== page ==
The little-known 265-meter, two-tiered Limunsudan Falls is tucked in a vast mountainous and forested area that not many Iliganons know of, much less considered as a travel destination because of its remoteness. It is located at Barangay (village) Rogongon, roughly 55 kilometers from downtown Iligan.

It would probably be safe to say that generally speaking, only members of the Higaunon tribe, who call the 35,555-hectare Barangay Rogongon home, may have seen or are familiar with Limunsudan Falls.

Reaching the falls requires either a two-day trek across jungles or a five-hour circuitous drive that takes one to Cagayan de Oro City in Misamis Oriental province, then to Talakag in Bukidnon province, and then back to Iligan in Lanao del Norte.

Limunsudan is said to be the second-tallest waterfall in the country. The record for the tallest has been given to Aliwagwag Falls in Cateel, Davao Oriental province. However, Aliwagwag Falls is, in reality, just a long series of 84 “steps” whose cumulative height reaches 338 meters.

Limunsudan, on the other hand, has two, and not to mention, huge free-flowing vertical drops. In fact, each of Limunsudan’s tiers is taller than the mighty 98-meter Maria Cristina Falls.

The comparison with the wondrous Maria Cristina Falls cannot be avoided: Its beauty and power are two attributes that may very well describe Limunsudan.

Awesome potential

Truth to tell, after a “waterfaller” (those who love viewing waterfalls) manages to get over the initial shock at the beauty and grandeur of Limunsudan Falls, he is likely to ponder on its awesome potential in terms of generating power.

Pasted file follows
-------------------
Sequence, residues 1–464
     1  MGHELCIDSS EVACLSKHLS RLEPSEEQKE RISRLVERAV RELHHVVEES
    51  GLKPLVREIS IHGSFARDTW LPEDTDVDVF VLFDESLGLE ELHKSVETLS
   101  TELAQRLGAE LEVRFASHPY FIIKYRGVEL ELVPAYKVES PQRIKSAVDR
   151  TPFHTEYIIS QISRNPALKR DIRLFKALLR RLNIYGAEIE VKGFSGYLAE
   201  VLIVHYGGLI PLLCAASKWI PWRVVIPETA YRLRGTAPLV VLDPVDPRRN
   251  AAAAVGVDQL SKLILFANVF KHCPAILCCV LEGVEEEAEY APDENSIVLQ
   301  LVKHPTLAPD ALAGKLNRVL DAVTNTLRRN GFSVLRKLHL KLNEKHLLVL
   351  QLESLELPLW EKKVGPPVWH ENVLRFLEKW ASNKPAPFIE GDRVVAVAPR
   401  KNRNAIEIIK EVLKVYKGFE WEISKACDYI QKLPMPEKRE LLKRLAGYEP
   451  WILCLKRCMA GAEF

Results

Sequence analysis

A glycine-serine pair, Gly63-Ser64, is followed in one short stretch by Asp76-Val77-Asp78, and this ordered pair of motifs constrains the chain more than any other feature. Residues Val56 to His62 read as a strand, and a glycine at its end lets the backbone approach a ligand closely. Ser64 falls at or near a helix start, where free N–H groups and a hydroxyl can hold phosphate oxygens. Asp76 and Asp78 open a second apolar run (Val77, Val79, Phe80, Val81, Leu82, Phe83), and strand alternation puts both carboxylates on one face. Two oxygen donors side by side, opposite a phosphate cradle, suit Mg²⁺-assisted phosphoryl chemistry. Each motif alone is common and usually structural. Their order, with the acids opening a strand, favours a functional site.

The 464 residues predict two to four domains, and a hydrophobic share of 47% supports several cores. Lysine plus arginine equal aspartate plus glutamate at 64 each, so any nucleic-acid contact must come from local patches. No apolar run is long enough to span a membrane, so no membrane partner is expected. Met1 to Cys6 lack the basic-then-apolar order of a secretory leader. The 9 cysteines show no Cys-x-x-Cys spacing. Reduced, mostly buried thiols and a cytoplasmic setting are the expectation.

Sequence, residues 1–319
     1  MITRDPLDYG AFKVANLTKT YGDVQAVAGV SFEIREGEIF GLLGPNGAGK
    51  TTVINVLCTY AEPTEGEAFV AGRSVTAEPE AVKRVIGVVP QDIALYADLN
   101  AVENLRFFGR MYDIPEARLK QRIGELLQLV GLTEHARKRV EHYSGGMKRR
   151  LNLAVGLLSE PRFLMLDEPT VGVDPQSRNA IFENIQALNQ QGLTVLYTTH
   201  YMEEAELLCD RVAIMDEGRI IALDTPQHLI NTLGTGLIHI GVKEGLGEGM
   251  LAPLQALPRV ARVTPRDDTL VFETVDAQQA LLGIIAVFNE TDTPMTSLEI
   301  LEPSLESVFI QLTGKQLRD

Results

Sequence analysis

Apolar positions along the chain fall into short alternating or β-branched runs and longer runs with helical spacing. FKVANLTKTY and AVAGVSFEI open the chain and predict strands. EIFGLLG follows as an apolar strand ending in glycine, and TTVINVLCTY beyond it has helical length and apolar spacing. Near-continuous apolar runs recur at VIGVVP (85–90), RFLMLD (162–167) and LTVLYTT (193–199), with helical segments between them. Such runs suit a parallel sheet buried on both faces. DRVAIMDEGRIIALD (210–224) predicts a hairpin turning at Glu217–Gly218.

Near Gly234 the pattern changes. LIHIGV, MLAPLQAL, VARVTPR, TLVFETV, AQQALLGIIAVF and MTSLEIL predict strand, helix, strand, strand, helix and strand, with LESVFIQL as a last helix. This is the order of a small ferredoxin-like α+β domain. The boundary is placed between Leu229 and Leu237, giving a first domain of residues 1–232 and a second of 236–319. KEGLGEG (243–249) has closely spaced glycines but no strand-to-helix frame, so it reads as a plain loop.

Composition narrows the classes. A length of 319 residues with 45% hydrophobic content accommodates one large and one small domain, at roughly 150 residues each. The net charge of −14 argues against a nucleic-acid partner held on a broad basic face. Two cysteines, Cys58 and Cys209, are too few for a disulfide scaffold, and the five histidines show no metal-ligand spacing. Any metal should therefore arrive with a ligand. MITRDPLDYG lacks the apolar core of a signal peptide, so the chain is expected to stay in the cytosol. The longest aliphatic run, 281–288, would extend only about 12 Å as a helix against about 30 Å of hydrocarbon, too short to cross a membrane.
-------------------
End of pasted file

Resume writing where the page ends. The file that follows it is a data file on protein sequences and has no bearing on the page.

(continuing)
The might of the Maria Cristina Falls, which has been harnessed by engineers through the Agus VI Hydroelectric Plant in Iligan City, has been estimated to have a capacity of around 200 megawatts. But if an engineer were to stand before Limunsudan Falls, it would be fairly easy for him to see how easily it could rack up that same figure, and even much more.

Many Iliganons today already feel it is ridiculous for them to be paying so much for electricity with Maria Cristina Falls right in their midst.

This is even more relevant now when the threat of a power crisis looms in Mindanao and it would be difficult to ignore all that untapped natural and clean source of energy just sitting there untouched.

However, Limunsudan’s days as a hidden natural wonder appear to be numbered.

According to Wilma Sihag Soong Wade-Bado of the National Commission on Indigenous Peoples Provincial Office here, a hydropower company has already conducted a feasibility study on its potential.

Wade-Bado, a descendant of a Higaunon princess from Rogongon, said the company is in the process of securing a Free Prior Informed Consent from the Higaunons. Getting this certificate is required by law since it involves the lumad Higaunon’s ancestral domain.

Major throwback

The lack of good roads to Limunsudan Falls serves as the major drawback to waterfallers and those seeking to harness its power. Complicating matters would be the very real threat of armed men who are sighted crossing the jungles from time to time.

In fact, when the author, together with several others, visited the waterfalls several years ago via the Talakag route, one such group we encountered on a lonely dirt road tried to shoot us.

Trips to Limunsudan Falls still remain a security concern up to this day, and visitors are advised not to go to the area without military or police

But for waterfallers who ignore the lack of a road network and threats to life and limb, the experience of seeing Limunsudan can be a thrill of a lifetime.

When the falls made it to the list of top 10 highest Philippine waterfalls, Iligan, formerly referred to as the City of Waterfalls, became known as the City of Majestic Waterfalls.

North Cotabato road project seen to cut travel time

May 9, 2014
Louie O. Pacardo

KORONADAL — A road project in North Cotabato is expected to cut down travel time between the towns of Carmen and Banisilan by 45 minutes, or about two hours, from the usual three hours.